In-Hospital and 1-Year Mortality in Patients Undergoing Early Surgery for Prosthetic Valve Endocarditis | Valvular Heart Disease | JAMA Internal Medicine | JAMA Network
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Original Investigation
September 9, 2013

In-Hospital and 1-Year Mortality in Patients Undergoing Early Surgery for Prosthetic Valve Endocarditis

Author Affiliations
  • 1Infectious Disease Clinical Research Program, Bethesda, Maryland
  • 2Duke Clinical Research Institute, Duke University Medical Center, Durham, North Carolina
  • 3Maria Vittoria Hospital, Torino, Italy
  • 4II Università di Napoli, Naples, Italy
  • 5Flinders Medical Centre, Bedford Park, South Australia, Australia
  • 6Ospedale di Circolo Varese, Varese, Italy
  • 7Mater Misericordiae University Hospital, Dublin, Ireland
  • 8University Medical Center of Besançon, Besançon, France
  • 9Hospital General Universitario Gregorio Marañón, Madrid, Spain
  • 10Cairo University Medical School, Cairo, Egypt
  • 11American University of Beirut Medical Center, Beirut, Lebanon
  • 12CHU Nancy-Brabois, Nancy, France
  • 13Department of Medicine, Duke University Medical Center, Durham, North Carolina
  • 14Alfred Hospital, Melbourne, Victoria, Australia
  • 15Ospedali Riuniti di Bergamo, Bergamo, Italy
JAMA Intern Med. 2013;173(16):1495-1504. doi:10.1001/jamainternmed.2013.8203
Abstract

Importance  There are limited prospective, controlled data evaluating survival in patients receiving early surgery vs medical therapy for prosthetic valve endocarditis (PVE).

Objective  To determine the in-hospital and 1-year mortality in patients with PVE who undergo valve replacement during index hospitalization compared with patients who receive medical therapy alone, after controlling for survival and treatment selection bias.

Design, Setting, and Participants  Participants were enrolled between June 2000 and December 2006 in the International Collaboration on Endocarditis–Prospective Cohort Study (ICE-PCS), a prospective, multinational, observational cohort of patients with infective endocarditis. Patients hospitalized with definite right- or left-sided PVE were included in the analysis. We evaluated the effect of treatment assignment on mortality, after adjusting for biases using a Cox proportional hazards model that included inverse probability of treatment weighting and surgery as a time-dependent covariate. The cohort was stratified by probability (propensity) for surgery, and outcomes were compared between the treatment groups within each stratum.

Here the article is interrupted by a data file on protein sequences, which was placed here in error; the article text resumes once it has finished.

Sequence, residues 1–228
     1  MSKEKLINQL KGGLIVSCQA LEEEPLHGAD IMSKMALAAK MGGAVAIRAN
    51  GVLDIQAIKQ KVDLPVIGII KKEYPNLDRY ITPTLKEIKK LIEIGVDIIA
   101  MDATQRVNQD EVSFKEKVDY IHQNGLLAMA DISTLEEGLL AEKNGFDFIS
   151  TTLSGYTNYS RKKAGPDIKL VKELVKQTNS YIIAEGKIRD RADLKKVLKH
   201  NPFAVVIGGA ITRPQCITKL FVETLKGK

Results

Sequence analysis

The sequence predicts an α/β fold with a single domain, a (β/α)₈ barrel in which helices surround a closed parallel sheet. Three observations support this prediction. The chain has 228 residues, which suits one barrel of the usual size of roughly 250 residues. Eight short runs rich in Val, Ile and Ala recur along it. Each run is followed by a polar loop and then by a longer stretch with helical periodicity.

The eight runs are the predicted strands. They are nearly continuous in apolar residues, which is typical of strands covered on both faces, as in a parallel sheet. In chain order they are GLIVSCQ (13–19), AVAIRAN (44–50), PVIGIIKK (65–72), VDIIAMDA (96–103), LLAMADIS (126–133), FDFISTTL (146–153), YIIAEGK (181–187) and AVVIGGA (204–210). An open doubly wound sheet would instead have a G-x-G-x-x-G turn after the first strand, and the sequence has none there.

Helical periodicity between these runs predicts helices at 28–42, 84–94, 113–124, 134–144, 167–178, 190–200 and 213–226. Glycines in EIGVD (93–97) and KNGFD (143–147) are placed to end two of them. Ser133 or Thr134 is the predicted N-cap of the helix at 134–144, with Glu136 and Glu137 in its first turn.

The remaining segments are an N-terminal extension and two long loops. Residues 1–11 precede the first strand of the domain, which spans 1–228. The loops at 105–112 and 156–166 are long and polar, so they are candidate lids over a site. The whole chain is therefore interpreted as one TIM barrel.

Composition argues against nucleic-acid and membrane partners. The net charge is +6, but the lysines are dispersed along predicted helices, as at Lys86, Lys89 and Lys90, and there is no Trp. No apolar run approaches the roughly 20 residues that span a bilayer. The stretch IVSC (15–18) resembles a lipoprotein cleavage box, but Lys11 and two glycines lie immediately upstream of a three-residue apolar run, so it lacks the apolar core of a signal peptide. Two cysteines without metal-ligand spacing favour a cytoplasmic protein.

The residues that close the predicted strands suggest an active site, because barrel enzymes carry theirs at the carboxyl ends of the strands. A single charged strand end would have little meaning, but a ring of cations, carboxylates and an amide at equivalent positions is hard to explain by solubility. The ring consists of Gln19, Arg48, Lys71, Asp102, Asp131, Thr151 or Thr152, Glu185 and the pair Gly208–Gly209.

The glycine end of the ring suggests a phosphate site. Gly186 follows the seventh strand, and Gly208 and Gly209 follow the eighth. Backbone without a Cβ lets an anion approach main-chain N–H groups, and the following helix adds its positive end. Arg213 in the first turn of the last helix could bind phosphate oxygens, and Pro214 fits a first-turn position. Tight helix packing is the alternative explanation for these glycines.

Interventions  Valve replacement during index hospitalization (early surgery) vs medical therapy.

Main Outcomes and Measures  In-hospital and 1-year mortality.

Results  Of the 1025 patients with PVE, 490 patients (47.8%) underwent early surgery and 535 individuals (52.2%) received medical therapy alone. Compared with medical therapy, early surgery was associated with lower in-hospital mortality in the unadjusted analysis and after controlling for treatment selection bias (in-hospital mortality: hazard ratio [HR], 0.44 [95% CI, 0.38-0.52] and lower 1-year mortality: HR, 0.57 [95% CI, 0.49-0.67]). The lower mortality associated with surgery did not persist after adjustment for survivor bias (in-hospital mortality: HR, 0.90 [95% CI, 0.76-1.07] and 1-year mortality: HR, 1.04 [95% CI, 0.89-1.23]). Subgroup analysis indicated a lower in-hospital mortality with early surgery in the highest surgical propensity quintile (21.2% vs 37.5%; P = .03). At 1-year follow-up, the reduced mortality with surgery was observed in the fourth (24.8% vs 42.9%; P = .007) and fifth (27.9% vs 50.0%; P = .007) quintiles of surgical propensity.

Conclusions and Relevance  Prosthetic valve endocarditis remains associated with a high 1-year mortality rate. After adjustment for differences in clinical characteristics and survival bias, early valve replacement was not associated with lower mortality compared with medical therapy in the overall cohort. Further studies are needed to define the effect and timing of surgery in patients with PVE who have indications for surgery.

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